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Incorporating an Alberta Corporation

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Limited corporation

The word 'limited' at the end of a corporation's name implies that liability of the corporation's shareholders is limited to the money they paid to buy the shares. By contrast, ownership by sole proprietor or partnership carries unlimited personal legal responsibility for debts incurred by the business.How is a limited corporation formed?To form a limited corporation, you must provide a corporate name and address, describe the structure, identify the 'type' of corporation and provide director information. The following information is provided to assist you in this process.Corporate NamesThere are different types of names. You can have a "named" name, such as ABC Holdings Ltd., or a "numbered" name, such as 123456 Alberta Ltd."Named" Names

Legal Elements
A "named" name should consist of three parts, or elements. The first part is usually the distinctive element. In the example, "Art Holdings Ltd.", the distinctive element is "Art". This part should set your name apart from other names, making it easy to remember. The second part describes what the corporation does or is. In our example, "Holdings" is the descriptive element. The third part is the legal element - our legal element in this case is "Ltd." There are other legal elements, one of which must be in your corporation's name. Accepted legal elements are:

  • Limited
  • Limitee
  • Ltee
  • Ltd.
  • Corp.
  • Corporation
  • Inc.
  • Incorporated
  • Incorporee

Professional Corporations
Another type of "named" name corporation is a "Professional Corporation" which is a corporation specifically formed for one of the following types of professions:

  • law
  • medicine
  • dentistry
  • optometry
  • chiropractic
  • chartered accountant
  • certified management accountant
  • certified general accountant

This type of corporation will have the person's name, followed by the term "professional corporation". An example of a professional corporation's name would be "John Smith Professional Corporation".

Nuans Reports
A NUANS Report for a "named" name is required to ensure that no one else has the identical name. If the report shows similar names, you will have to decide if the name you want is too close to the other names listed on the NUANS report. These other businesses may feel very strongly about you using a name similar to theirs and they do have the right to object to the Registrar of Corporations. The Registrar can force you to change the name of your corporation, so pick your name carefully. Alternately, the other company may have incurred debts or have an undesirable reputation that you may not want your customers to associate to your company. For further information, please refer to the Business Corporations Act and Regulations for rules on Corporate Names.The NUANS Report is submitted to an accredited service provider at the time of incorporation and must be less than 91 days old and contain all 6 pages. Either the original or the carbon copy is acceptable.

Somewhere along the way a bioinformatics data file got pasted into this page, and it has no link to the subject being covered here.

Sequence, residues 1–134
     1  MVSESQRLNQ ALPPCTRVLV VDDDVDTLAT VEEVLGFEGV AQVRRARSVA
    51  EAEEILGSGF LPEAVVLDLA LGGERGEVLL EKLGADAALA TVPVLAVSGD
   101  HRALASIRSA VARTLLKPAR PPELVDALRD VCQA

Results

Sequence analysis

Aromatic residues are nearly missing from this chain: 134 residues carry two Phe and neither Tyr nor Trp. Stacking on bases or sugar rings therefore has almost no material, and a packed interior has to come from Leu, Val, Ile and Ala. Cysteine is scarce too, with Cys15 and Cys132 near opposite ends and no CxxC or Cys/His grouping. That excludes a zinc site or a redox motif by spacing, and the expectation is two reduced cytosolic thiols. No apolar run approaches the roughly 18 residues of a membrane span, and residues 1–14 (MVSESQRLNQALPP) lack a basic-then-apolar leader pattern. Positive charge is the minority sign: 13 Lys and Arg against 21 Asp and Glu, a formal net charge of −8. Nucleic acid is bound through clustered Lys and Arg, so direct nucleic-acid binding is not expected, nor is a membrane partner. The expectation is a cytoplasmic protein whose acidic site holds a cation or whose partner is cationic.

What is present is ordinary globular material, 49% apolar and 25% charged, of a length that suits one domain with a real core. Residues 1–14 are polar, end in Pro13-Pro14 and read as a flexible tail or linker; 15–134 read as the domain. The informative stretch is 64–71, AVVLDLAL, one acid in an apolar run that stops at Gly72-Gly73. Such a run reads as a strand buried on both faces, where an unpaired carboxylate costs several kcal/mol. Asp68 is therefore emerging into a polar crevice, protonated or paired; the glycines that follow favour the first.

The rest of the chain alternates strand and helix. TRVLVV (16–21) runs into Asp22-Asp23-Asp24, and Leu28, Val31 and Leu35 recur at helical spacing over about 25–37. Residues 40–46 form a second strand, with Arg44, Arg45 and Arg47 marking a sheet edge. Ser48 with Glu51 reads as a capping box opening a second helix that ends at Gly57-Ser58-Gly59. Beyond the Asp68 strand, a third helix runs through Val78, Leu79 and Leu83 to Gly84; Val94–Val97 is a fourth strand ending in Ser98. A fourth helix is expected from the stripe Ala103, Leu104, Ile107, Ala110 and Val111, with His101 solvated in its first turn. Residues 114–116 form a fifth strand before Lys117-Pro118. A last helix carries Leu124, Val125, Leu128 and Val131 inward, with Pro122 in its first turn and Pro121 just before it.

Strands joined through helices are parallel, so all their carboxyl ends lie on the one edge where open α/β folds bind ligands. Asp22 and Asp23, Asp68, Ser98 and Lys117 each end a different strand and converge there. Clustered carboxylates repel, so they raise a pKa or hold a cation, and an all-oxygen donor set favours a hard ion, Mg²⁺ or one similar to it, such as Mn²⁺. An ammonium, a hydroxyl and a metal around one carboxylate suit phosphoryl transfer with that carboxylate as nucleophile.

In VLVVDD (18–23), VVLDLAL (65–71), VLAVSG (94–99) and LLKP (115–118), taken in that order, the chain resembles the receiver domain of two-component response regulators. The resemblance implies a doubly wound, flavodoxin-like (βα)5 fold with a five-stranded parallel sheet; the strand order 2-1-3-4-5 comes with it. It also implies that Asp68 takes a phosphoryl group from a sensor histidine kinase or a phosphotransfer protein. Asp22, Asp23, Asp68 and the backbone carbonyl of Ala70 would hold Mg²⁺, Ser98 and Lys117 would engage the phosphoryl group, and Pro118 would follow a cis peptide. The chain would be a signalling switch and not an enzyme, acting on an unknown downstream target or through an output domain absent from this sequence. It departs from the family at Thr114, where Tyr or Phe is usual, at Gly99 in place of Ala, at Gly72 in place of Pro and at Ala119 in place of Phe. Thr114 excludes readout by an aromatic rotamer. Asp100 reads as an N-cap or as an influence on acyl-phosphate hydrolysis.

"Numbered" NamesA "numbered" name is also comprised of three parts - the numbered part, which is assigned by Corporate Registry, the word "Alberta", and your choice of one of the legal elements. A NUANS report is not necessary for a numbered name.To incorporate with a "numbered" name, you must specifically request this type of name through the authorized service provider that you have selected.Corporation StructureOnce a name has been decided, the next step is to choose the structure of your corporation. If you are unsure of what you want, it is a good idea to do some research by visiting a library, looking in the business section of a bookstore, or talking to a lawyer, who will be able to advise you.

You should understand and know what the following terms mean as each must be addressed as part of the incorporation process:

  • share structure
  • any restrictions on the transfer of shares between different parties
  • the number of directors in the corporation
  • any restrictions on the type of business that the corporation may conduct
  • any other rules or provisions that the incorporator wishes to include

Corporation Type

There are three types of corporations which may be formed:

  • Corporations with 15 or less shareholders - these are the most common corporations in Alberta and have the least amount of regulation.
  • Corporations with 16 or more shareholders which do not let the general public have any shares - these corporations must prepare shareholders' lists for meetings and comply with various sections of the Business Corporations Act.
  • Corporations with 16 or more shareholders which do distribute shares to the public - this type of corporation is subject to the most regulation. It must file financial statements and other documentation with the Alberta Securities Commission.

Where do I go to incorporate?

Once you have gathered all of the required information, you can submit your order online. We will examine your information, and if it meets the current legislated requirements, will process the request and issue you a certificate of incorporation as proof that the registration has occurred.

If you have any questions or require additional information please click here

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